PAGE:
226

I feel the need to share this somewhere. Hope this is the right place. I'm a sexuality writer and have been writing for one of the largest online 'sex-ed for adults' platforms for around 2 years. They've adopted the policy of referring to women as "vulva owners" etc., and changed my use of "women" to such terms during the editing process on numerous occasions in the past. I agreed with it for a while because I was still riding the libfem train, but I peaked last summer and finally got so fed up this week that I decided the money was no longer worth it.

I wrote the editor explaining that I find such terms objectifying and dehumanizing and can't use them anymore. She responded a couple days later to say the platform chose to use "inclusive" language like "vulva owner" due to advice from consultants who are "experts" on such matters, but that they understood and respected my feelings. She said, "We'd love to keep you as a writer, so let us know if there are any other options that might work for you."

There is another option, of course. Call women women. (They obviously don't want to do that.) I didn't appreciate the fact that they sidestepped the root of my concerns and put the ball back in my court, putting it on me to come up with alternatives rather than offering alternatives when they're the ones who are policing "gendered language."

I responded with the letter pasted below and have yet to hear back. It feels good to be back in alignment with my true beliefs and I hope more women continue to wake up.

Thank you for your understanding. I appreciate it. I recognize the ideology behind that kind of language as someone who used to agree with it, but my views have changed over time. I would honestly love to keep writing for (name of platform). I have really enjoyed working with you all and believe we share the same basic goals. However, this issue of gendered language is one I've followed for a long time and considered deeply, and I haven't been able to think of a compromise that's likely to satisfy all parties.

One of the main reasons I began writing about sexuality in the first place was to combat the objectification and dehumanization that contributes to female oppression all over the globe. Influences like mainstream pornography routinely reduce women to their vulvas, breasts, vaginas, etc. I feel the kind of language we're currently using at (name of platform), in effect, does exactly the same thing. Women are much, much more in essence than "vulva owners". We are, as I'm sure everyone at (name of platform) would agree, whole people who deserve the dignity of being referred to by more than our sexual parts and bodily functions. I'm sure we both acknowledge and appreciate the fact that the language we use matters and has consequences.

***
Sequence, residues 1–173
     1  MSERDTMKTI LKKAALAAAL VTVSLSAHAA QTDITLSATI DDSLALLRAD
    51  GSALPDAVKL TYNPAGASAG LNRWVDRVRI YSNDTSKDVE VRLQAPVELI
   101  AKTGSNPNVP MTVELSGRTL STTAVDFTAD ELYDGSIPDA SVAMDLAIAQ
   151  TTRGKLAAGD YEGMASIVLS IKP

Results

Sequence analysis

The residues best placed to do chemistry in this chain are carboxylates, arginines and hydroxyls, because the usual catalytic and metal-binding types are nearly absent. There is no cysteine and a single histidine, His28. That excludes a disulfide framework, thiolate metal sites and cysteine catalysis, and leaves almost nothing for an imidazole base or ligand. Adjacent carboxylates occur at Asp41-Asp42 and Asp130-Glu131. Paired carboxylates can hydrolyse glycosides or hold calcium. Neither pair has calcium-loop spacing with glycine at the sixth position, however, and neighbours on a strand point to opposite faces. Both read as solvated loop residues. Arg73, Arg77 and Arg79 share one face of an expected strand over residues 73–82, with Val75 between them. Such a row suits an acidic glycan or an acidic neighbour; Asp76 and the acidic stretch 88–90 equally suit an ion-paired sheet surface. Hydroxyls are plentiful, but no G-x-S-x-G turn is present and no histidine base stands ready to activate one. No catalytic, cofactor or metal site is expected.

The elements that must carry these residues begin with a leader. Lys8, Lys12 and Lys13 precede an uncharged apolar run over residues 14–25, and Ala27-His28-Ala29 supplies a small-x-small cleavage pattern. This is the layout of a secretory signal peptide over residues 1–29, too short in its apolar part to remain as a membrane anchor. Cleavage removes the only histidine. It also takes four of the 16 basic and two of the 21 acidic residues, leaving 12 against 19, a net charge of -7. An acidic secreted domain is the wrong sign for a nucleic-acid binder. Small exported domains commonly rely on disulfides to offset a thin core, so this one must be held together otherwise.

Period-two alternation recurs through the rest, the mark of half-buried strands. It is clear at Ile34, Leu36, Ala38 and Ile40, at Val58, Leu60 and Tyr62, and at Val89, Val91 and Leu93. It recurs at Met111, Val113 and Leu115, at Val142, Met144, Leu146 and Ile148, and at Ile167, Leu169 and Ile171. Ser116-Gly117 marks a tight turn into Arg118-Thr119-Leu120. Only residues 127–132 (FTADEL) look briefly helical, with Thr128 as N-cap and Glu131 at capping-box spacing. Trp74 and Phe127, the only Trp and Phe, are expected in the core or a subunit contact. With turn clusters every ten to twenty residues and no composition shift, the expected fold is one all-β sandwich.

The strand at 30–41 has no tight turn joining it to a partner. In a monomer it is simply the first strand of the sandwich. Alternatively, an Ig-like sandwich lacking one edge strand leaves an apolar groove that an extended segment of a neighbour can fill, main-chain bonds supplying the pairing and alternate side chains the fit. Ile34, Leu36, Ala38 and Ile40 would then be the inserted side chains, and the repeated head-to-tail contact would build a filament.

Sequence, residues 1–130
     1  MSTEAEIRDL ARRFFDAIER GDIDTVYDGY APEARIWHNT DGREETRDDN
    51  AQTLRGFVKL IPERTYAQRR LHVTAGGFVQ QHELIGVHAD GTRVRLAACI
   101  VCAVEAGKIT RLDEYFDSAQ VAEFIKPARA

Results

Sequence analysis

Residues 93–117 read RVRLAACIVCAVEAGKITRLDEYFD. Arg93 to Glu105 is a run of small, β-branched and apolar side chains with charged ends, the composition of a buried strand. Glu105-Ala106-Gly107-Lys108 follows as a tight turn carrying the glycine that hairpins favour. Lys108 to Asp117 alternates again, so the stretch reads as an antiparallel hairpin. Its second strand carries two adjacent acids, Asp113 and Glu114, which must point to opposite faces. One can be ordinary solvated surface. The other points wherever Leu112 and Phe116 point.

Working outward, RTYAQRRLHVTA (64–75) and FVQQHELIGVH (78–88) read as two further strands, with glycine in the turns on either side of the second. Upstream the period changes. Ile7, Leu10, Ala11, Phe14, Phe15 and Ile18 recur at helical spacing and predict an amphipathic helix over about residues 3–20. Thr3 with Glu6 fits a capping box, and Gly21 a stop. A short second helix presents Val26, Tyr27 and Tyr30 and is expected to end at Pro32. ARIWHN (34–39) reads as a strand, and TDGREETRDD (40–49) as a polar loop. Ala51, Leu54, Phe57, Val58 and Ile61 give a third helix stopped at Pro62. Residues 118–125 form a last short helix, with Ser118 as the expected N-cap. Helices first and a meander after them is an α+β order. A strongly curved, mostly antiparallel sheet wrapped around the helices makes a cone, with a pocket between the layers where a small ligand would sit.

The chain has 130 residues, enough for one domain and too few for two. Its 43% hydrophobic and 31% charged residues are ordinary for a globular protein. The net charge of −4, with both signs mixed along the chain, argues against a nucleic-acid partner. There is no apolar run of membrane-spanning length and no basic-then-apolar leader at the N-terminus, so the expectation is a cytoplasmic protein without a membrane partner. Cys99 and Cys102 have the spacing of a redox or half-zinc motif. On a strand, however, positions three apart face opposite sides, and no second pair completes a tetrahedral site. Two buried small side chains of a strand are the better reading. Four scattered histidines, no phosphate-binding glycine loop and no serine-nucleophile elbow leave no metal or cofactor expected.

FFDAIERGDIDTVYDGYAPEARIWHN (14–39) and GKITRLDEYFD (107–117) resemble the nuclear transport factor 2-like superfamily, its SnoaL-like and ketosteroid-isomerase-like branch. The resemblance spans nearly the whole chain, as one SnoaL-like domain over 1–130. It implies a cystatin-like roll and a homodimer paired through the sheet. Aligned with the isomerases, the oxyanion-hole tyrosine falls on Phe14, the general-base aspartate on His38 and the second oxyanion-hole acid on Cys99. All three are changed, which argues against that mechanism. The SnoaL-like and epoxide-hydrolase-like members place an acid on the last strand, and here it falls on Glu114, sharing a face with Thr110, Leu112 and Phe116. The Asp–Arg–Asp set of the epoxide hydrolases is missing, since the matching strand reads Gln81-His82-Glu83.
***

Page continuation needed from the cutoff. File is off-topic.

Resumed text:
I have a three-year-old niece and would never, ever be able to look her in the eye and refer to her as a vulva owner / uterus bearer / person who menstruates, etc. The same goes for my sister, my mother, and every other woman I know. If a boss or coworker at a job addressed me as a vulva owner or person who menstruates, either directly or indirectly, I would likely go straight to HR and file a sexual harassment complaint. I keep imagining myself, hypothetically, as an alien in another galaxy watching a documentary about human beings. What would I think if I heard David Attenborough narrating a segment about women by saying something like, "And here we see, in their natural habitat, a group of vulva owners." I would be completely caught off guard by the focus on genitalia. We don't even talk about animals in this way. It's so crude, I can't imagine saying it out loud to anyone, therefore I don't wish to put it in writing either.

So unfortunately, I fear we might be at an impasse. I'm quite open to hearing suggestions of alternatives that honor the integrity of whole human beings. However, it's my hunch that (name of platform)'s experts on these matters and I fundamentally differ in our views. They obviously believe this kind of language is acceptable, but I no longer do.

Please let me know your thoughts if you do happen to see a potential way forward. Thank you, (editor's name).